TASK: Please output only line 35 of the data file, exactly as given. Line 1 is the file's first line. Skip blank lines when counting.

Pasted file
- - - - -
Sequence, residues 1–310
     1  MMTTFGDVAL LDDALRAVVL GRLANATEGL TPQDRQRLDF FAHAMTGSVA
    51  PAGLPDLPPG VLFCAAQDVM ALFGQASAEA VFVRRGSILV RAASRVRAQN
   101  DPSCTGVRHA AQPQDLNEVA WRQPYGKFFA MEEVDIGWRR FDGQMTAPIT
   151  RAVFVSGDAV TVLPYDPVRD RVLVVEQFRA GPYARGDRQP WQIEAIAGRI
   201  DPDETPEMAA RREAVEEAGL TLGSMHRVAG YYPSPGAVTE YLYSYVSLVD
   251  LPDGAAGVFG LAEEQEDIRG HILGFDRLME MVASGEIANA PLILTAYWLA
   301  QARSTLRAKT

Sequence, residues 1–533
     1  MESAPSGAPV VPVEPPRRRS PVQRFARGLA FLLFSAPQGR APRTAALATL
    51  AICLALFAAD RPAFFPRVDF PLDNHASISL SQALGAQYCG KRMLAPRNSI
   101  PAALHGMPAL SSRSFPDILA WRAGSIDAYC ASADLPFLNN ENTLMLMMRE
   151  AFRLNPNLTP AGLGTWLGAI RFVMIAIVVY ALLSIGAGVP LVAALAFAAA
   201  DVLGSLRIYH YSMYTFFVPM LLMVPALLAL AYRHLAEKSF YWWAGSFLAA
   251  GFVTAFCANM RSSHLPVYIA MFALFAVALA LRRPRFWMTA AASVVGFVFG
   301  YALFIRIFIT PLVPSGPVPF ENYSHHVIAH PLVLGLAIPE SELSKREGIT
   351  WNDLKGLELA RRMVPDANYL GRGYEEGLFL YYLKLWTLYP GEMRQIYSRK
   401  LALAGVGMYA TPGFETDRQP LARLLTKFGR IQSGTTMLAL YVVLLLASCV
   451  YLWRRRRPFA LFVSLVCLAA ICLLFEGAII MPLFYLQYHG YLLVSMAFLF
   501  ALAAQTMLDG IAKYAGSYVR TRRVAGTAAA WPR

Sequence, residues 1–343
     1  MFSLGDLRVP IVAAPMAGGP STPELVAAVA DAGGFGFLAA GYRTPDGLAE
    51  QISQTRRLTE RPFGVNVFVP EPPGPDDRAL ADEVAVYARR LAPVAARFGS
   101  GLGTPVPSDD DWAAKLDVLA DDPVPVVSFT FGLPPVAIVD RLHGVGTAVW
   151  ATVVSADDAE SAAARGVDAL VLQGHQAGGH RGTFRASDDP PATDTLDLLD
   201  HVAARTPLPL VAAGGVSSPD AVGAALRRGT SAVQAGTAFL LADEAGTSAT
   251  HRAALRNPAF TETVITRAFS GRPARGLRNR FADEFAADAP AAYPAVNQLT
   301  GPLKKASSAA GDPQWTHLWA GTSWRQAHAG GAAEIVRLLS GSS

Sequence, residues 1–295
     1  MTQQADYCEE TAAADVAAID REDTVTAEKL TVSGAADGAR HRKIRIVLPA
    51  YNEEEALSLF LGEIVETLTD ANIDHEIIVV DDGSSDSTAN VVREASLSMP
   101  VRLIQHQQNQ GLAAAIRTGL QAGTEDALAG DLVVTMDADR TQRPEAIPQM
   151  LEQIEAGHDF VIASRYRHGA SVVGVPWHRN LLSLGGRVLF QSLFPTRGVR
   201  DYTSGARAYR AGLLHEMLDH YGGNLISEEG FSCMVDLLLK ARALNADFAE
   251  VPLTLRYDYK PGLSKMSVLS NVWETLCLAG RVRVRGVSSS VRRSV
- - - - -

   251  VPLTLRYDYK PGLSKMSVLS NVWETLCLAG RVRVRGVSSS VRRSV